Crassula helmsii: Use hot foam to control plants

How is the evidence assessed?
  • Effectiveness
    20%
  • Certainty
    50%
  • Harms
    not assessed

Source countries

Key messages

 

About key messages

Key messages provide a descriptive index to studies we have found that test this intervention.

Studies are not directly comparable or of equal value. When making decisions based on this evidence, you should consider factors such as study size, study design, reported metrics and relevance of the study to your situation, rather than simply counting the number of studies that support a particular interpretation.

Supporting evidence from individual studies

  1. A replicated, controlled study in 2011-2014 at waterbodies in the New Forest, UK (Ewald 2014) reported that treatment with hot foam did not reduce cover of C. helmsii, although this was not tested statistically. Average coverage of C. helmsii was 56% before and 60% at the end of the hot foam treatment, compared to 63% and 70% respectively at control sites. The study also found that coverage of native plant species fell from 31% to 14% at treatment sites and from 17% to 14% at control sites over the trial period. A biodegradable agent composed of plant oils and sugars was applied as a very hot foam (above 97 °C for 2 s) to five ponds twice during autumn 2011 and autumn 2013. No treatment occurred in 2012, and two ponds were only partially treated in 2011 and 2013, because of high rainfall. Aquatic dye treatment was additionally applied to these two ponds. C. helmsii coverage was assessed in five random 0.25 m2 quadrats within each treatment area in winter and summer from 2011-2014, and also in seven control ponds.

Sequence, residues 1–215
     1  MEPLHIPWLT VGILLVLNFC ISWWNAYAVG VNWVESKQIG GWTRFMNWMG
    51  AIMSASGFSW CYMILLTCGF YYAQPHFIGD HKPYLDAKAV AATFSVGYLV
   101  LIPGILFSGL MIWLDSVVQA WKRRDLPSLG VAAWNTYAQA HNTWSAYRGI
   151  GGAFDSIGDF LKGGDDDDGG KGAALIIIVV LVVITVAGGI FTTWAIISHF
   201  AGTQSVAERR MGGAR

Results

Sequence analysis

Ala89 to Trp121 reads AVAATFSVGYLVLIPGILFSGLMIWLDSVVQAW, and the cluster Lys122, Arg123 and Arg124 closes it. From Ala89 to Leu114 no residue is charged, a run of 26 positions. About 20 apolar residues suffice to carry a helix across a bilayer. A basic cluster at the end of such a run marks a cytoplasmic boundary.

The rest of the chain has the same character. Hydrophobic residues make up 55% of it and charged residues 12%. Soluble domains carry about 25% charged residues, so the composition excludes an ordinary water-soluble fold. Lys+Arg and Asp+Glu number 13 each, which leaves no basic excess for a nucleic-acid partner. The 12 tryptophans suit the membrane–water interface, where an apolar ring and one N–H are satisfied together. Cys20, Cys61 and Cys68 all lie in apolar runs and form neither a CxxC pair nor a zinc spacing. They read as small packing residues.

Study and other actions tested
  2. A before-and-after study in 2003 at waterbodies in a nature reserve in South Yorkshire, UK (Bridge 2005) reported that spraying with hot foam partially destroyed C. helmsii, although statistical tests were not carried out.  Approximately 50% of C. helmsii was killed by the treatment, but only the top layers of the plant were affected. Biodegradable ‘Waipuna’ hot foam, an organic compound of corn and coconut sugars, was sprayed three times between September and November 2003. No information about the size of area treated or monitoring was provided.

    Study and other actions tested
Please cite as:

Aldridge, D., Ockendon, N., Rocha, R., Smith, R.K. & Sutherland, W.J. (2020) Some Aspects of Control of Freshwater Invasive Species. Pages 555-87 in: W.J. Sutherland, L.V. Dicks, S.O. Petrovan & R.K. Smith (eds) What Works in Conservation 2020. Open Book Publishers, Cambridge, UK.

Where has this evidence come from?

List of journals searched by synopsis

All the journals searched for all synopses

Control of Freshwater Invasive Species

This Action forms part of the Action Synopsis:

Control of Freshwater Invasive Species
Control of Freshwater Invasive Species

Control of Freshwater Invasive Species - Published 2017

Control of Freshwater Invasive Species Synopsis

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